america's best food cities

America's Best Food Cities

By Tom Sietsema

This is the Washington Post Food Critic's guide to eating at the top 10 culinary capitals in the nation. Tom Sietsema visited 271 different establishments while reporting for his America's Best Food Cities project, and tells us how each city measured up in terms of creativity, community, tradition, ingredients, shopping, variety, and service. 

He compiled a list of short descriptions of the places he visited, along with the best thing he ate in each city, and signature recipes from must-stop restaurants so that we can make the meals at home too. 

around the world in 80 food trucks

Around the World in 80 Food Trucks

By Lonely Planet Food

Travel guide book publisher Lonely Planet took to the streets to collect 80 delicious recipes from food trucks around the world. Discover how to make the dishes, get to know the chefs who created them, and hear the stories behind how the recipes came to be. 

The best part about operating out of a food truck is that the chefs can take experiences from their personal travels, immigrant backgrounds, and local influences to produce meals that are innovative, tasty, and sustainable. Within these pages, there are featured food trucks from: Barcelona,Tijuana, Austin, The Gold Coast, Melbourne, Lima, and many more unique places.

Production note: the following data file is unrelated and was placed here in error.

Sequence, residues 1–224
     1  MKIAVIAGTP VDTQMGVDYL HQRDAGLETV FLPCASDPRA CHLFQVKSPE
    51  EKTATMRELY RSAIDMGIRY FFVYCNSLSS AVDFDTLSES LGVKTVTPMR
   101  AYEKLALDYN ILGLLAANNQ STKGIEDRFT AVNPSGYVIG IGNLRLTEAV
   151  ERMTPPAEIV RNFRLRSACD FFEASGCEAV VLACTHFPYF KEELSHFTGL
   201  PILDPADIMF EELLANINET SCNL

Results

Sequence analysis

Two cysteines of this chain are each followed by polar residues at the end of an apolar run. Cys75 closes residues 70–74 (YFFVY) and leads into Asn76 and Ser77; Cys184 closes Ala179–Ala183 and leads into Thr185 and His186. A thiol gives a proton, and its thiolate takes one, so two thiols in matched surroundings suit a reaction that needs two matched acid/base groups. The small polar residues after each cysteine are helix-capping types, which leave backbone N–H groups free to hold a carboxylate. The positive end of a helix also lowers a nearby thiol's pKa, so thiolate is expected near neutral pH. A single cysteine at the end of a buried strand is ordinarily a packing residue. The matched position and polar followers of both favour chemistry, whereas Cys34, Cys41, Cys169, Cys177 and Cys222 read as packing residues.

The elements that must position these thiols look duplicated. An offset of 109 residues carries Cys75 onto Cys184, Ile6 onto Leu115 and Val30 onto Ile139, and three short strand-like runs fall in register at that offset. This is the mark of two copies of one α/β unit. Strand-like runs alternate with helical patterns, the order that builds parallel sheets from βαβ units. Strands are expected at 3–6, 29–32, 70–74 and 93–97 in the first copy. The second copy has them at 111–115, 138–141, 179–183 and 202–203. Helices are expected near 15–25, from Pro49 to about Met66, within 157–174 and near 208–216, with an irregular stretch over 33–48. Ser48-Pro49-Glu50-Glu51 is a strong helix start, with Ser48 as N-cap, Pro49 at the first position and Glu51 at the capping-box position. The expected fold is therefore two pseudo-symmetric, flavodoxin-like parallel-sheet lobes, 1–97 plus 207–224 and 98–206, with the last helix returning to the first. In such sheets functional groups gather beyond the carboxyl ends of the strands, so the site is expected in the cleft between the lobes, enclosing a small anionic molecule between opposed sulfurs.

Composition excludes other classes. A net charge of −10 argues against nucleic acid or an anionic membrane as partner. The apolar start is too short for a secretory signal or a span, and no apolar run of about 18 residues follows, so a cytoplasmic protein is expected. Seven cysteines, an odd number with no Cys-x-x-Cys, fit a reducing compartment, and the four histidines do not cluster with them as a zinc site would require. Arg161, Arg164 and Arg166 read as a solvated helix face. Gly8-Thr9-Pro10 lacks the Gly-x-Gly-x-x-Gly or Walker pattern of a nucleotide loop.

Olive Odyssey

Olive Odyssey

By Julie Angus

Descended from Syrian forebears, Julie Angus decided to explore their cultural link to the olive, a fruit that has been a staple of cooking for people throughout the Mediterranean and around the world. 

The result is “an engaging mix of history, food travelogue, and botany lesson” (Library Journal) as Angus, her husband, and their 10-month-old son explore the Mediterranean to find not only the history of the olive, but what it means to people there today.